Digital inspiration10:13, 20th August 2020
Are you looking for ways to hone your piano technique and become a more confident performer? Owen Mortimer introduces a superb e-learning resource with all the tools you need
Being stuck at home for weeks on end may sound like a nightmare but for those of us who play the piano it offers a perfect opportunity to sharpen our skills and master new repertoire. Even if you’ve stopped going for regular one-to-one lessons, there is now a wealth of teaching materials available online to support individual learning.
Full disclaimer: I began this process as a hardened sceptic, wholly opposed to the prospect of teaching myself using a website or app. Having been lucky enough to receive lessons on three instruments throughout my childhood, I was firmly wedded to the idea that face-to-face lessons are the only effective way to learn. Without a teacher being present to offer real-time advice, wouldn’t I quickly fall into bad habits?
That was before I stumbled across Practising the Piano Online Academy. Unlike some other online courses I’ve seen, which promise more than they deliver, this excellent website offers detailed advice and information that’s comprehensive and easy to follow. Close-up demo videos illustrate every point made in the text and because there’s no specific ‘course’ to follow, you can go at your own speed and focus on whichever aspects of practice and performance you’re most keen to develop.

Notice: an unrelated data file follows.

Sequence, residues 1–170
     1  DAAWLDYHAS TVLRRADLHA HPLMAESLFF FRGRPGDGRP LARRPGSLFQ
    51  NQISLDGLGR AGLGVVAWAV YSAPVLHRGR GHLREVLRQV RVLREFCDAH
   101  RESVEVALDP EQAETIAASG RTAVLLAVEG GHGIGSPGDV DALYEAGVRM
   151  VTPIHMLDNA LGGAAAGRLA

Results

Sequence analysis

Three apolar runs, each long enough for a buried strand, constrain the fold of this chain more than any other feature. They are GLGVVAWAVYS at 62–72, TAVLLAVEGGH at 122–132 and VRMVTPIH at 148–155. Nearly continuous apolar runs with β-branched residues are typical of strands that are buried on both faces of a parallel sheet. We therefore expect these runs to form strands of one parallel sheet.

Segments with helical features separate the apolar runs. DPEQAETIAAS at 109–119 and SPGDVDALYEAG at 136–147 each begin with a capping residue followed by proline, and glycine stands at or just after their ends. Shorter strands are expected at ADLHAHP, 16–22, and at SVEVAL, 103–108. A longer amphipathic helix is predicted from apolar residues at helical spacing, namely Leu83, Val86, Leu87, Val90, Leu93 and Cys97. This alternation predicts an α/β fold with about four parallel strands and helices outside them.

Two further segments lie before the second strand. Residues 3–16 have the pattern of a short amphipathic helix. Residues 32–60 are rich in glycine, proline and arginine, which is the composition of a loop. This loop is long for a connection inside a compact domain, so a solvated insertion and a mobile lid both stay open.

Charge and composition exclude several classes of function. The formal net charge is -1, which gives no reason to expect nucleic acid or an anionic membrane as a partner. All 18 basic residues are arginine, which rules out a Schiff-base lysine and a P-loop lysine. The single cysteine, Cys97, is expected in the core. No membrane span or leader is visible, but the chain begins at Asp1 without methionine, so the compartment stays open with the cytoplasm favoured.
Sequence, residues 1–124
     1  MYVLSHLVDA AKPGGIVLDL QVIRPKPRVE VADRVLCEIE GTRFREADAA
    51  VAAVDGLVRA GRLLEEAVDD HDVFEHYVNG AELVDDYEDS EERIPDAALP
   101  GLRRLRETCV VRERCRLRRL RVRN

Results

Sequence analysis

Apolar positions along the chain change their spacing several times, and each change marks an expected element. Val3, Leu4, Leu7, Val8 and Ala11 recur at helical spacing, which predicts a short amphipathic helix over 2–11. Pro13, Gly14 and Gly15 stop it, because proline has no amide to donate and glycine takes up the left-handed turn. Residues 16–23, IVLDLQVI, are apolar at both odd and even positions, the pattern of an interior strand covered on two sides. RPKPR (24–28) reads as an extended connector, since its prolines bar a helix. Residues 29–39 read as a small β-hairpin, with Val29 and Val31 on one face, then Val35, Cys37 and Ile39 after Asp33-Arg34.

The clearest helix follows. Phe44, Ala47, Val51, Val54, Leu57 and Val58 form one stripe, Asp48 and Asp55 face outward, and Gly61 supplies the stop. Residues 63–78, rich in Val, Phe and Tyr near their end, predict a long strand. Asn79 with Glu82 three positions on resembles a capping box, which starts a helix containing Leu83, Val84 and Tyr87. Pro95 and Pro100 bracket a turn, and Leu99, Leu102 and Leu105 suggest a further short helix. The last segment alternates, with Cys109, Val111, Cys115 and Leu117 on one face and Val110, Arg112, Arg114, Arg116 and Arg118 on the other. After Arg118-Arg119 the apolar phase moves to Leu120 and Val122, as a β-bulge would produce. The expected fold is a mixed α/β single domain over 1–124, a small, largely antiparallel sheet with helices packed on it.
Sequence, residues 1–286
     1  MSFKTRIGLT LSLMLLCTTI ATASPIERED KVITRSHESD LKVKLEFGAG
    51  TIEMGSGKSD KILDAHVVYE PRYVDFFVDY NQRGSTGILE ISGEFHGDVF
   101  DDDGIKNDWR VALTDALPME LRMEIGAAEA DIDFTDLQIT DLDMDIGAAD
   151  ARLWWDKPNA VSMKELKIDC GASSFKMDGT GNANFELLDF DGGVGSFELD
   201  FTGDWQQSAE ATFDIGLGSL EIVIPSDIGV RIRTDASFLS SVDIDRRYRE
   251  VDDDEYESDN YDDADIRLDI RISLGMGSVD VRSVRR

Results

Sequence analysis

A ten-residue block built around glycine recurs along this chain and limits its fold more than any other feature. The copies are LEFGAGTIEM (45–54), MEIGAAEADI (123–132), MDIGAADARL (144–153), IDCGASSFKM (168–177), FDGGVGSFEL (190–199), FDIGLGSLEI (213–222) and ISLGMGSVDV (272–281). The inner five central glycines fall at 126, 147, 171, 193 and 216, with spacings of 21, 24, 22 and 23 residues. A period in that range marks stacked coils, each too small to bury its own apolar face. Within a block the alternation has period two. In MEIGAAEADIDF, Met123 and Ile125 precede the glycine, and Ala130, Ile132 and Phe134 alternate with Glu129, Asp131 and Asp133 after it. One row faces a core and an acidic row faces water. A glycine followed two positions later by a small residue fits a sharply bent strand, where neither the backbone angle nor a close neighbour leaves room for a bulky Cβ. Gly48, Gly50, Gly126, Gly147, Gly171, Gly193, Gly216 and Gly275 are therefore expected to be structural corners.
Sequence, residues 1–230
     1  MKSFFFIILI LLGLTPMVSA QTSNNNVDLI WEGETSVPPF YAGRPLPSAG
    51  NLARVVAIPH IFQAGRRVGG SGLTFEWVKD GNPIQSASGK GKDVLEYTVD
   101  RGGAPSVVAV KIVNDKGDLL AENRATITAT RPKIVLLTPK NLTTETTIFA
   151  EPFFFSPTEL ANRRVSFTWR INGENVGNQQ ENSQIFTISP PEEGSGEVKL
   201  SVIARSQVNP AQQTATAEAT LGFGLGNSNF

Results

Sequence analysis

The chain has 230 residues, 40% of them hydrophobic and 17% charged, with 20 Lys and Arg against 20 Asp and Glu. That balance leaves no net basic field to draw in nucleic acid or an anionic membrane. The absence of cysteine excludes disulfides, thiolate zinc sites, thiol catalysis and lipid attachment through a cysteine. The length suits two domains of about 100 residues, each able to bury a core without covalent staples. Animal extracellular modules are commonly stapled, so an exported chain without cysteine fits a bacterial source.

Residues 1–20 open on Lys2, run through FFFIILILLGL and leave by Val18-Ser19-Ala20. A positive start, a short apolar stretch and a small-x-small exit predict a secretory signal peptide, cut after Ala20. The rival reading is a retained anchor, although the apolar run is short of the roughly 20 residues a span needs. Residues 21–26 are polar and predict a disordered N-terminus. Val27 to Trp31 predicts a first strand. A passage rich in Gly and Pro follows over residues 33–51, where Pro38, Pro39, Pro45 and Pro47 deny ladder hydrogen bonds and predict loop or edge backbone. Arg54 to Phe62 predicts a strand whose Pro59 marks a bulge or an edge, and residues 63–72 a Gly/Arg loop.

For example, subcategories within the ‘Technique’ area of the website include topics as diverse as scales and arpeggios, forearm rotation, the art of pedalling, healthy piano playing and yoga for musicians. ‘Practising’ places strong emphasis on sight-reading skills, while ‘Performing’ covers subjects such as improvisation and managing stage fright. There’s also a section for ‘Teaching’ developed in partnership with the Piano Teachers’ Course UK.
If, like me, you’re more interested in extending your repertoire than focusing on technique per se, I’d recommend going straight to the ‘Learning Pieces’ tab. I’ve already spent several happy hours working on Debussy’s ‘Girl with the Flaxen Hair’ using the materials available here, which have helped to transform my previously ham-fisted and inelegant interpretation.
I began by working through the brief but excellent practice worksheet, which breaks down the piece’s technical challenges into short studies. Once these have been mastered, you can move on to a walkthrough which explores the piece bar-by-bar. The fingerings provided are particularly useful. There’s also a 17-page Annotated Study Edition which can be downloaded and printed so you can work offline.
The teacher behind this fantastic resource is the British pianist Graham Fitch, while key tutors include the Peabody Institute’s associate professor of keyboard studies and music theory Ken Johansen. Anyone wanting to trial the site can register for free and read up to five articles. A monthly subscription costs just £9.99, or you can opt to pay £99.99 for the whole year. Highly recommended.
Readers of International Piano can save 30% on Online Academy subscriptions as well as receiving 30% off any product purchased via their online store. Visit the link below for further details.